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Those are common pond snails. They are avoided like the plague by many aquarists. I personally keep them as part of my competing snail populations (I have 5 different species in a tank). And I also have no real problems with them eating my plants, the exception being when they munch on weak leaves. This is a yin-yang thing though, as while I hate having holes munched in the leaves, it is also a very clear, visible reminder that something isn't right in my aquarium. Usually it's an indication that I didn't dose ferts the previous week.

If you don't want lots of them, kill them all now. Without any other competition in the tank they will multiply quite readily.
 

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Good and evil depends on the values you hold. What do you hope/are afraid of ?

You have a pond snail in there. They can breed like crazy and should not cause problems on most healthy plants.
 

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I don't believe there are bad snails, which is convenient, because they're incredibly tough to get completely rid of. But yes, I agree that it's a pond snail and shouldn't do any damage.

If you decide that they're a nuisance, you can reduce feeding, increase plant mass, vacuum the substrate, and/or do manual removal. Do a search for snail traps. Though I recommend the "toss a veggie in the tank and pull it out when it's covered in snails" method of population control. There are also more extreme measures if you're rabidly fearful of, or angry at, snails (this seems to be the case for some forum members), but I don't recommend them.
 

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Yeah those snails in your photo really do well at cleaning diatom build up and dead algae off leaves... but they multiply like a pest... float some lettuce overnight occasionally and pull it out and discard in the morning, you should manage to catch quite a few. I just squish any small ones that come close to the surface during general inspections. Also keep an eye open for their snotty egg pouches and remove as soon as spotted.
 

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No snail is a bad snail! :wink2:
If you don't over-feed your tank, they will stop multiplying as much. I had an overpopulation of pond snails and ramshorn snails. I stopped feeding my fish so much and both snail populations seemed to disappear. Recently I got a big algae problem and I thought, "hmm... snails would help a lot in eating that." so I started overfeeding my tank again, and a whole bunch of ramshorn snails showed up!
So anyway, my suggestion, pay attention to how much you are feeding your fish. try to cut back if you can and your snails will probably stop multiplying, or their multiplication rate will greatly decrease.
 

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Snails have their place, but not eating my carefully cultivated plants. Several months ago I discovered snails had miraculously invaded the 75 gal tank in my bedroom -- my "counting shoals" go to sleep aquarium. I began smashing them on site, to the delight of the ghost shrimp population that has taken hold. Ghost shrimp love smashed snails. But the snails kept appearing. I hesitated going for my second means of ridding the tank of the little critters, because my bedroom aquarium is basically a giant nano tank: mini 9 lambchop rasboras, 6 small black neon tetras, 11 pygmy coryduras, 3 lavish male guppies, a kuhli I never see and my retired stud Betta (he's four years-old and turning gray). So plopping in a trio of baby clown loaches wasn't exactly what I wanted to do. But I did, and they immediately began rooting up a year-old planted tank. But I held in there, repairing their nightly damage every morning and I have to admit the tank is relatively snail free. I'll keep them in the tank for three more months then return them to my LFS. I look at it as though I'm leasing them for the time I need them. They certainly grow fast in a large tank. And they have their attractive attributes. I just wish there was a miniature version of them. But they do love a feast of fresh snails and will dig deep in substrate to satisfy their snail addiction. Good luck with your snails.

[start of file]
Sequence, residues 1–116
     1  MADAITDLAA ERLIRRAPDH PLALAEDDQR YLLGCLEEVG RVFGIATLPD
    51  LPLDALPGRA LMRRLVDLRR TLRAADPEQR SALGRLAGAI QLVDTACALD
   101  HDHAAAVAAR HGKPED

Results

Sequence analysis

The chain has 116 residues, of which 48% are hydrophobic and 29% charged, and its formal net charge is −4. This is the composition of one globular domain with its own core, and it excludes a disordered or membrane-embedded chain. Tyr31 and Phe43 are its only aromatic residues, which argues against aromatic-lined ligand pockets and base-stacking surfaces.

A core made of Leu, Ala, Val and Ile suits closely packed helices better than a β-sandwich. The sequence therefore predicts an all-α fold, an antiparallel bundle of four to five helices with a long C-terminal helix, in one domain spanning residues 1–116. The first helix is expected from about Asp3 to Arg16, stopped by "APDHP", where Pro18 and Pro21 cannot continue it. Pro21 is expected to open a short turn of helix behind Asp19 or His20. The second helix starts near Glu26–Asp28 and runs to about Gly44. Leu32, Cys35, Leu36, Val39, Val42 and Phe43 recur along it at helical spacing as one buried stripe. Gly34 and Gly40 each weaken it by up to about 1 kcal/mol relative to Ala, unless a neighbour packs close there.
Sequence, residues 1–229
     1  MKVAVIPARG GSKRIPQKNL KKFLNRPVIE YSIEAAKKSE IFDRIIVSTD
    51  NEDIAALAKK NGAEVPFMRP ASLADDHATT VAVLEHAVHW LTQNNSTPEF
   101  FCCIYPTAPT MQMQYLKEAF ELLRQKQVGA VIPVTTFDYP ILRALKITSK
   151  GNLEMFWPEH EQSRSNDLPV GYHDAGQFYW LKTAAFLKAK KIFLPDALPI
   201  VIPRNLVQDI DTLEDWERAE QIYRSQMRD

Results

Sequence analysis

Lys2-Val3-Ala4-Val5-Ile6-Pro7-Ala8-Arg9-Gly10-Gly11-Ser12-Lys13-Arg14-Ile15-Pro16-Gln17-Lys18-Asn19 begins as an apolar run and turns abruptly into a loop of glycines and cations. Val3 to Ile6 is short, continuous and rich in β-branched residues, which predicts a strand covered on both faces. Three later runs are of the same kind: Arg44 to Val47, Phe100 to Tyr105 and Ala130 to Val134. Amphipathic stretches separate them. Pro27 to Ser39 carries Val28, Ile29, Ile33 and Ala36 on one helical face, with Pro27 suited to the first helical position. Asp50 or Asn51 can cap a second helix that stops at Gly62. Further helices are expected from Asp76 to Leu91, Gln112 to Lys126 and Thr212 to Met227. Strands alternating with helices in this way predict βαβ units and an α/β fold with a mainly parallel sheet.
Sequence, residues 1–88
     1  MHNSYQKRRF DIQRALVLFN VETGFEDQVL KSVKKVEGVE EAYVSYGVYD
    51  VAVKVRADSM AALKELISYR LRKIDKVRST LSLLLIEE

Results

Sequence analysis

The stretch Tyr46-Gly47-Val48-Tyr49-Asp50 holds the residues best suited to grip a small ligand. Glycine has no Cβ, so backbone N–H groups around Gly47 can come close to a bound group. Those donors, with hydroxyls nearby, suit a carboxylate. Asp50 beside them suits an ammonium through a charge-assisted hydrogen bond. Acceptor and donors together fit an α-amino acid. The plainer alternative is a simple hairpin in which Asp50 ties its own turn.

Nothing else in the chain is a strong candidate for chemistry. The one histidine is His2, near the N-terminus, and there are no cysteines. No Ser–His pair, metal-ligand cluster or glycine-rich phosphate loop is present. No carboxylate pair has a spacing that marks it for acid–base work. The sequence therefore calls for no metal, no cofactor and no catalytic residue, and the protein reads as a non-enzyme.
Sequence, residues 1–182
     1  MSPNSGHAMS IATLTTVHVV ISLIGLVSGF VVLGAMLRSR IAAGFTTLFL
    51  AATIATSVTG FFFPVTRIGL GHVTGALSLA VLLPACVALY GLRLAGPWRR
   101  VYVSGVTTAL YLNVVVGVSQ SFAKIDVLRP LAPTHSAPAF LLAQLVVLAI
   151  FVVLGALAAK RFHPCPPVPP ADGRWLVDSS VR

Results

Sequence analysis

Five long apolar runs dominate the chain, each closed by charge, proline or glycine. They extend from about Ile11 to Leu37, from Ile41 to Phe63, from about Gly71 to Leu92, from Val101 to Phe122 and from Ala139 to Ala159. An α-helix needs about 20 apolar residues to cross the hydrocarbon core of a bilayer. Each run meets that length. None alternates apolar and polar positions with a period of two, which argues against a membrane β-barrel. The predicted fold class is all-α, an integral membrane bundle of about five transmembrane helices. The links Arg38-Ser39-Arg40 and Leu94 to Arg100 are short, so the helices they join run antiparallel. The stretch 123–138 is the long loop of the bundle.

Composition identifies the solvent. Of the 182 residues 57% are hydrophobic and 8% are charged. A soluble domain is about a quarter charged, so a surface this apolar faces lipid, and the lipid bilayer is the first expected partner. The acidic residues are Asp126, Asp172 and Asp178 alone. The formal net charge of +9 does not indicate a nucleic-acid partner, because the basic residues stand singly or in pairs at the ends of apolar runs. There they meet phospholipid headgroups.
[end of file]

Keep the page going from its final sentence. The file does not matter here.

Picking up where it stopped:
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I say plague...bad. Hesitate and it'll be too late too keep from having hundreds.
 

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Depends who you're asking. Many Gourami, Puffer, Gambusia, Loaches, etc would say, "mmm good! more please!" They go for >$0.20 each as feeders on AquaBid.

Bump: Depends which species you're asking. Many Gourami, Puffer, Gambusia, Loaches, etc would say, "mmm good! more please!" They go for >$0.20 each as feeders on AquaBid.
 

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Pond snails- I don't like them and want them gone. However I am a huge fan of mystery snails.
 

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Those are common pond snails. They are avoided like the plague by many aquarists. I personally keep them as part of my competing snail populations (I have 5 different species in a tank). And I also have no real problems with them eating my plants, the exception being when they munch on weak leaves. This is a yin-yang thing though, as while I hate having holes munched in the leaves, it is also a very clear, visible reminder that something isn't right in my aquarium. Usually it's an indication that I didn't dose ferts the previous week.

If you don't want lots of them, kill them all now. Without any other competition in the tank they will multiply quite readily.
Agree on all points.

If you don't care for snails, don't complain about diatoms on the glass and leaves and floating bits of uneaten food. They serve a purpose first and the bigger mystery snails are pretty cool to watch cruising the glass.
 
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